Term deposits offer a fixed interest rate which is guaranteed, so you do not have to worry about rising or falling interest rates when investing. You can add up how much interest you will earn over your fixed term, and this will be paid into your account per the conditions of your term deposit.

Term deposits with authorised deposit-taking institutions are also guaranteed for up to $250,000 by the Financial Claims Scheme, so you don’t have to worry about the bank collapsing either.

The only inherent risk of a term deposit is if you may need to break it early. If this happens, you will need to pay a breakage fee and possibly sacrifice some of your interest as a penalty. But if you know you can invest a certain amount of money for a fixed period of time, you can rest assured that a term deposit is a safe investment option.

How do term deposits work?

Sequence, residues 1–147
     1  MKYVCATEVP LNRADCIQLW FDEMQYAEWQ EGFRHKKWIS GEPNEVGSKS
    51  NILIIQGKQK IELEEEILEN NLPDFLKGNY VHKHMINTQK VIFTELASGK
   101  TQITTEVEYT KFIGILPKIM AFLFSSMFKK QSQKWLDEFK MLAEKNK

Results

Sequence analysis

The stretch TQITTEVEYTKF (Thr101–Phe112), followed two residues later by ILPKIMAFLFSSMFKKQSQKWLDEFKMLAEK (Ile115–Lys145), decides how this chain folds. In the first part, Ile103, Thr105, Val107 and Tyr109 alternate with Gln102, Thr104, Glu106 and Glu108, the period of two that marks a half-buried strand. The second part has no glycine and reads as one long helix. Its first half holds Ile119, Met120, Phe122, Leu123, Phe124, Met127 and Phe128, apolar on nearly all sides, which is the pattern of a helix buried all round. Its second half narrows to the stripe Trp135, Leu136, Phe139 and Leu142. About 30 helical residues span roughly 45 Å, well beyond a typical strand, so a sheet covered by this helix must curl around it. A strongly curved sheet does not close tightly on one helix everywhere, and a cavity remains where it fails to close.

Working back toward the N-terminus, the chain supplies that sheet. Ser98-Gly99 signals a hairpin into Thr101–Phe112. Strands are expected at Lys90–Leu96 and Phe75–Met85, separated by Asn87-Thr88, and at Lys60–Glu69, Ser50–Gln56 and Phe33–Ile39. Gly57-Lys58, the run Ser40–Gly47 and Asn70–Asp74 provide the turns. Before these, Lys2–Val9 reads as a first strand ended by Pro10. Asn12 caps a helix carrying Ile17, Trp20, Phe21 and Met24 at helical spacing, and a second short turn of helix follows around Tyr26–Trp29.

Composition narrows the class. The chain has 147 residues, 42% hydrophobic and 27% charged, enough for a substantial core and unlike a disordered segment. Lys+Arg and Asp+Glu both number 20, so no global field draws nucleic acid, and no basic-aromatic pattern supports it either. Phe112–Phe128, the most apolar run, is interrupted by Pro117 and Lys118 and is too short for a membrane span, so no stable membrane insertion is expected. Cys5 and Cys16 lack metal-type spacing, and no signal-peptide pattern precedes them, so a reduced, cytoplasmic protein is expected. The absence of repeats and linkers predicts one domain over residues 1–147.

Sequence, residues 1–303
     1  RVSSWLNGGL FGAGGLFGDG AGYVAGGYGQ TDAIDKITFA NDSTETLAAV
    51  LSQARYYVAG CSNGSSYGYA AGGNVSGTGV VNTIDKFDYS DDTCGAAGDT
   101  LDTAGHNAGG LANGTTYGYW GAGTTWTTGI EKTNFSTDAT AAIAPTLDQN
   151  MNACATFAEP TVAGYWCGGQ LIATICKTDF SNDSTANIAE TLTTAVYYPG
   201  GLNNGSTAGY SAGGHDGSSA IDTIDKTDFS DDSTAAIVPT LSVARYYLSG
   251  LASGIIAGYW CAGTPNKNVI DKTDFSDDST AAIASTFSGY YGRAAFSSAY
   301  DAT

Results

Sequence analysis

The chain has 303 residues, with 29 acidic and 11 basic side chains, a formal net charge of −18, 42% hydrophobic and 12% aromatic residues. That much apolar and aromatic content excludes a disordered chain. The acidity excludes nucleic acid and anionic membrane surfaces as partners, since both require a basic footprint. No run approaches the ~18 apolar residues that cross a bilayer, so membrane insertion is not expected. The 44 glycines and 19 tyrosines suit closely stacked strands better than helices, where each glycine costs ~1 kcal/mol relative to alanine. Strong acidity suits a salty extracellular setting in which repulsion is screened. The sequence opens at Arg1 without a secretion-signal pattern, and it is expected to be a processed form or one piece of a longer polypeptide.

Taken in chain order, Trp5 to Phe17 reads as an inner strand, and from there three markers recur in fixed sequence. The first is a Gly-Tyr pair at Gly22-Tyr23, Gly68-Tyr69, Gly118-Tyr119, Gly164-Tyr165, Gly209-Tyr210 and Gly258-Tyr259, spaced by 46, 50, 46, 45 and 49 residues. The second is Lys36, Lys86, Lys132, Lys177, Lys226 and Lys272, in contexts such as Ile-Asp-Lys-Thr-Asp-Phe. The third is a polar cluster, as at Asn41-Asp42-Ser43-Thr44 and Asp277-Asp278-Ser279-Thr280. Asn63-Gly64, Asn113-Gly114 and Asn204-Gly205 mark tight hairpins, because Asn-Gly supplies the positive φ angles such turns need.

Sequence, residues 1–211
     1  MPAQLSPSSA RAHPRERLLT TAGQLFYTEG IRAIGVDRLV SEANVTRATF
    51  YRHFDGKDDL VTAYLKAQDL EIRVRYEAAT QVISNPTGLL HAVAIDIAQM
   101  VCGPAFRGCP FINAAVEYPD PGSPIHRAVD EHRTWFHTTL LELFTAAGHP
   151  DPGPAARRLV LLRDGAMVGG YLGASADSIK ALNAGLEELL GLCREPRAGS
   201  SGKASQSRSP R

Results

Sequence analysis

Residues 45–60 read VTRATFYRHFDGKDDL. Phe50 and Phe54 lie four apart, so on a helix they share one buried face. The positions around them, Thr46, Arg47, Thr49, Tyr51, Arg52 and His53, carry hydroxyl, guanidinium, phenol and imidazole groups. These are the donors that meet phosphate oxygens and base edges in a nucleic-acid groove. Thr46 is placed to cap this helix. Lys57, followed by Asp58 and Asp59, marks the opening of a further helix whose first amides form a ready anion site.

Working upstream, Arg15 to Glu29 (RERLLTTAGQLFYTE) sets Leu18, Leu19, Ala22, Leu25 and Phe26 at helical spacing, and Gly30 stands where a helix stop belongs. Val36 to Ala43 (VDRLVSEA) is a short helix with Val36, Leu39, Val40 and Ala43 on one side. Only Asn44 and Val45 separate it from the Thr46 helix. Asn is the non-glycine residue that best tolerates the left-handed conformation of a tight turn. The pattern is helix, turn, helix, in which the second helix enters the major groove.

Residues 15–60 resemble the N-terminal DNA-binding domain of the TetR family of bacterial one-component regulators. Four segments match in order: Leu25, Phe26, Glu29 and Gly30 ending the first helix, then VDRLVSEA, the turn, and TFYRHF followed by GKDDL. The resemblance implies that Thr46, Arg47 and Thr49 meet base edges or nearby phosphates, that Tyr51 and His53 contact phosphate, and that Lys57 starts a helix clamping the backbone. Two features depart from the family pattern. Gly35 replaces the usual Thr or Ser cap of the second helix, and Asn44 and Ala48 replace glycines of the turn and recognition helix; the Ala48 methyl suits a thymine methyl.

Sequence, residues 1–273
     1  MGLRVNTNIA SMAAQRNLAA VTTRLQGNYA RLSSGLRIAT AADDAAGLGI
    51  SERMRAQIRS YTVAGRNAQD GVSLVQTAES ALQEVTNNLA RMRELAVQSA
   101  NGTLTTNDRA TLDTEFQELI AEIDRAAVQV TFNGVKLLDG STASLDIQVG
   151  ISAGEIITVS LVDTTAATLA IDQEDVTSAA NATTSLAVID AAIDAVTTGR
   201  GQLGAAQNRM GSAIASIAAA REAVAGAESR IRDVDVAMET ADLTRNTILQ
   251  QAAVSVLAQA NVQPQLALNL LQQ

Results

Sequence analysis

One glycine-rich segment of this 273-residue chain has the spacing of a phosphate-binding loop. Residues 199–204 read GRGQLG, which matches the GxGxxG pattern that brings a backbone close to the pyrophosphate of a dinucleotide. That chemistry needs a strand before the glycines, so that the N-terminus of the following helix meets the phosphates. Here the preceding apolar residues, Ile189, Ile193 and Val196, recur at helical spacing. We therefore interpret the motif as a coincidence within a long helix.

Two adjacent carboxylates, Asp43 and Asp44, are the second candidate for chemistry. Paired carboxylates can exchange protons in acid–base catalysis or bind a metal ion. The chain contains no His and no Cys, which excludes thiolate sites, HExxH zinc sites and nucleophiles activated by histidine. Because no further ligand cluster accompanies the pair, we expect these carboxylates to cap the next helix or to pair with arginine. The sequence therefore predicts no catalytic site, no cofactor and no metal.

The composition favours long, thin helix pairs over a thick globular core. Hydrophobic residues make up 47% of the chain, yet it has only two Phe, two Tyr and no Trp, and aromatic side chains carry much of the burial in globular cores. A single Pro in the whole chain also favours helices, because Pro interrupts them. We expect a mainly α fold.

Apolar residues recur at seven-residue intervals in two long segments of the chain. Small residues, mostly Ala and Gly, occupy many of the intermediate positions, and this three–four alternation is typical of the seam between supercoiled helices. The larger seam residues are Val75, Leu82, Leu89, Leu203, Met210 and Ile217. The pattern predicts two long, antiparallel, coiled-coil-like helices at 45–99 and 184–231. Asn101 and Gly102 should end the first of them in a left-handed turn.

Term deposits are flexible, low-risk, and earn you interest over time. But before you apply to open a term deposit, you might be wondering: how do term deposits work?

A term deposit is an agreement you make with a financial institution. This agreement will specify a certain amount of money that you will give the bank for a certain amount of time. In return, you’ll earn a fixed amount of interest on your deposit throughout your term.

Term deposits work as an exchange between a financial institution and an individual. You can think of your term deposit as a loan to the bank. Because you’ve loaned the bank your money, they’re willing to pay you interest on your deposit.

Can I open a NAB foreign currency term deposit?

If you are looking to bank some funds in a foreign currency and earn interest, you could consider a NAB foreign currency term deposit. The NAB foreign currency term deposit gives you a fixed interest rate for your chosen term but is only available for amounts equivalent to $100,000 (in your chosen currency) or more.